To Elizabeth Trist
Monticello Dec. 26.
My good friend
The mail between us passes very slowly. your letter of Nov. 17. reached this place on the 14th inst only. I think while you were writing it the candles must have burnt blue, and that a priest or some other Conjurer should have been called in to exorcise your room.—to be serious however, your view of things is more gloomy than necessary. true, we are at war; that that war was unsuccesful by land the first year, but honorable the same year by sea, and equally by sea and land ever since. our resources, both of men and money are abundant, if wisely called forth & administered. I acknolege that experience does not as yet seem to have led our legislatures into the best course of either. the plan of Colo Monroe both as to regulars & militia, was marked with the stamp of perfect wisdom. but it seems to have been overruled, and the projects for raising money by establishing more banks, is like the dropsical man aiming at a cure by additional potations of water. I am afraid therefore it will require another year of distress for men & money, to bring us up to the military establishment we have rejected, and to the system of funding on special hypothecations of taxes, which the experience of the whole world has proved the only practicable method of anticipating, during a war, the resources of peace.—but we are strong. we can bear a great deal of suffering and still beat our enemy in the end. I think however there will be peace. the Negociators at Ghent are agreed in every thing except as to a rag of Maine which we cannot1 yield, nor they seriously care about. but it serves them to hold by until they can hear what the Convention of Hartford will do. when they shall see, as they will see, that nothing is done there, they will let go their hold, and we shall have peace, on the status ante bellum.
you have seen that New Hampshire & Vermont refuse to join the mutineers, and Connecticut does it with a ‘saving of her duty to the federal2 Constitution.’ do you believe that Massachusets, on the good faith and aid of little Rhode-island will undertake a war against the rest of the Union & the one half of herself certainly never.—so much for politics.—we are all well, little and big, young & old. mr & mrs Divers enjoy very so so health, but keep about. mr Randolph had the command of a select corps during summer; but that has been discharged some time. we are feeding horses with our wheat, and looking at the taxes coming on us, as an approaching wave in a storm. still I think we shall live as long, eat as much, & drink as much, as if the wave had already glided under our ship. some how or other these things find their way out as they come in, & so I suppose they will now. God bless you and give you health, happiness & hope the real comforters of this netherworld.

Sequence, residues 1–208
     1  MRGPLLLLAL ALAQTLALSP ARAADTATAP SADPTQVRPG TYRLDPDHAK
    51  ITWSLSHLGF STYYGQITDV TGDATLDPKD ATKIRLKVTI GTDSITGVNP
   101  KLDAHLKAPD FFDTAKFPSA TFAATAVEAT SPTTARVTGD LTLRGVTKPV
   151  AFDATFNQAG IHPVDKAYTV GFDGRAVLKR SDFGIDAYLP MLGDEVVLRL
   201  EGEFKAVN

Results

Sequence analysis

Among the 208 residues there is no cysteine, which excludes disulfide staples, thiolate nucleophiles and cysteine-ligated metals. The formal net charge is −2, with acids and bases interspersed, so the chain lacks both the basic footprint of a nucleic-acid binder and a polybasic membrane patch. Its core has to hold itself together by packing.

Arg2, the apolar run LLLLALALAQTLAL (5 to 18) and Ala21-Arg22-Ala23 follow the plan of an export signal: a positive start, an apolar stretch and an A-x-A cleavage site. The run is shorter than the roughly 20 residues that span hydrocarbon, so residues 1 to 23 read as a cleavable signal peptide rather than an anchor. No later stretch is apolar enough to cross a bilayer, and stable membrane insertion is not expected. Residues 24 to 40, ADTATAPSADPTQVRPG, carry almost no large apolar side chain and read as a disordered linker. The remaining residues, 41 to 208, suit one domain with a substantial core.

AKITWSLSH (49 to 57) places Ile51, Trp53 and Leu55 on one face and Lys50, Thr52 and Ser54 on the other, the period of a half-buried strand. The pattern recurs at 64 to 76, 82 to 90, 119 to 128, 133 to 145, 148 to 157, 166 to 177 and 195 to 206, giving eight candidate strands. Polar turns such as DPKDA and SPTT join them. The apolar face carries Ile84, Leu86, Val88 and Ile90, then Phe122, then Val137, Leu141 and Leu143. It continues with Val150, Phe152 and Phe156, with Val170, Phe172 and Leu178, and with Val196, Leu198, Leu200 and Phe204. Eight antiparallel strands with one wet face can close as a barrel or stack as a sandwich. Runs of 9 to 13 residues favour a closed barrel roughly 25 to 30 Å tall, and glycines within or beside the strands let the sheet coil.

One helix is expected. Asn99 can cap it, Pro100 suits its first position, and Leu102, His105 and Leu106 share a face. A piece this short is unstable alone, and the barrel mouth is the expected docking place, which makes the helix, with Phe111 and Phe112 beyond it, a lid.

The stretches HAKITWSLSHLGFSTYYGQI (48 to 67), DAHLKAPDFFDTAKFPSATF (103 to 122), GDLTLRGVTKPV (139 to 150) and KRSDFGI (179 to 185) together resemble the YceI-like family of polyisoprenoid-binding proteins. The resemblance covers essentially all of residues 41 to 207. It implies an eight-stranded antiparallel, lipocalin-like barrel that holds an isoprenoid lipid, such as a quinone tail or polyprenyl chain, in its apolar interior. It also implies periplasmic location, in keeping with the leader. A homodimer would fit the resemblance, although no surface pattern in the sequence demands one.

PoC (MHi); partially dated; at foot of first page: “Mrs Trist”; endorsed by TJ as a letter of 26 Dec. 1814 and so recorded in SJL.
new hampshire & vermont refused to send official delegations to the Hartford Convention, although several predominantly Federalist counties in these states dispatched representatives (Banner, Hartford Convention description begins James M. Banner Jr., To the Hartford Convention: The Federalists and the Origins of Party Politics in Massachusetts, 1789–1815, 1970 description ends , 328–9). saving of her duty to the federal constitution: Connecticut’s legislature instructed its convention delegates to devise and recommend only “such measures for the safety and welfare of these States, as may consist with our obligations as members of the national Union” (New Haven Connecticut Journal, 7 Nov. 1814).
1. TJ here canceled “give.”
2. Word interlined.
- banks; TJ on search
- Connecticut; and Hartford Convention search
- Connecticut; legislature of search
- Constitution, U.S.; mentioned search
- Divers, George; health of search
- Divers, Martha Walker (George Divers’s wife); health of search
- fodder; for horses search
- Ghent; peace negotiations at search
- Great Britain; peace with search
- Great Britain; TJ on war with search
- Hartford, Conn.; Federalist convention at search
- health; of TJ’s family search
- horses; fodder for search
- Jefferson, Thomas; Health; good health of search
- Jefferson, Thomas; Opinions on; banks search
- Jefferson, Thomas; Opinions on; Hartford Convention search
- Jefferson, Thomas; Opinions on; peace with Great Britain search
- Jefferson, Thomas; Opinions on; taxes search
- Jefferson, Thomas; Opinions on; war with Great Britain search
- Maine; British claims to portion of search
- Massachusetts; and Hartford Convention search
- military; expansion of search
- Monroe, James; on expansion of U.S. military search
- New Hampshire; and Hartford Convention search
- political economy; and wartime finance search
- Randolph, Thomas Mann (1768–1828) (TJ’s son-in-law; Martha Jefferson Randolph’s husband); as colonel in U.S. Army search
- Rhode Island; and Hartford Convention search
- taxes; TJ on search
- Trist, Elizabeth House; friends and family of search
- Trist, Elizabeth House; letters to search
- Vermont; and Hartford Convention search
- War of1812; and peace negotiations search
- War of1812; TJ on search
- War of1812; U.S. financing of search
- wheat; as fodder search
- women; letters to; E. Trist search